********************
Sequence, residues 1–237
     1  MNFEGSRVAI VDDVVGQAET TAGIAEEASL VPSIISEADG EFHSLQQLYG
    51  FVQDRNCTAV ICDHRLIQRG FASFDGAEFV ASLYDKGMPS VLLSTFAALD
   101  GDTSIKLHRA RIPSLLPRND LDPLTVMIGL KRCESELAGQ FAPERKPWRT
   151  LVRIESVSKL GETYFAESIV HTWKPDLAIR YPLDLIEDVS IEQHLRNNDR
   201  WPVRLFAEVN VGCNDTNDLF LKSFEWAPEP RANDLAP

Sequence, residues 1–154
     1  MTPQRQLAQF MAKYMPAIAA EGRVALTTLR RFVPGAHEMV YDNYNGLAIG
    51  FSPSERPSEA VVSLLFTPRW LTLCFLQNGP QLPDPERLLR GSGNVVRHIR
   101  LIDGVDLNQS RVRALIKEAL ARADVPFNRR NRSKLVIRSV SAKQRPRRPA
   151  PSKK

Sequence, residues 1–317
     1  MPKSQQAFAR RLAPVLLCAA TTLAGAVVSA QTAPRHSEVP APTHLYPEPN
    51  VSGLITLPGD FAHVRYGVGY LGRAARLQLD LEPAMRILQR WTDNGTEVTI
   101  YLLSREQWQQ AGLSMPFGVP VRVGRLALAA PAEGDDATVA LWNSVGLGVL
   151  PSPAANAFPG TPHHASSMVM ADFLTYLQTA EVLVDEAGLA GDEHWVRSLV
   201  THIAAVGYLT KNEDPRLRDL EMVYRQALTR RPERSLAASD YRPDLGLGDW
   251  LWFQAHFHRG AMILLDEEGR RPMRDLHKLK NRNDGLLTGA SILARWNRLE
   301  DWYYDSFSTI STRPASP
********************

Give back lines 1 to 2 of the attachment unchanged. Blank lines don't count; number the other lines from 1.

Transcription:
Sequence, residues 1–237
     1  MNFEGSRVAI VDDVVGQAET TAGIAEEASL VPSIISEADG EFHSLQQLYG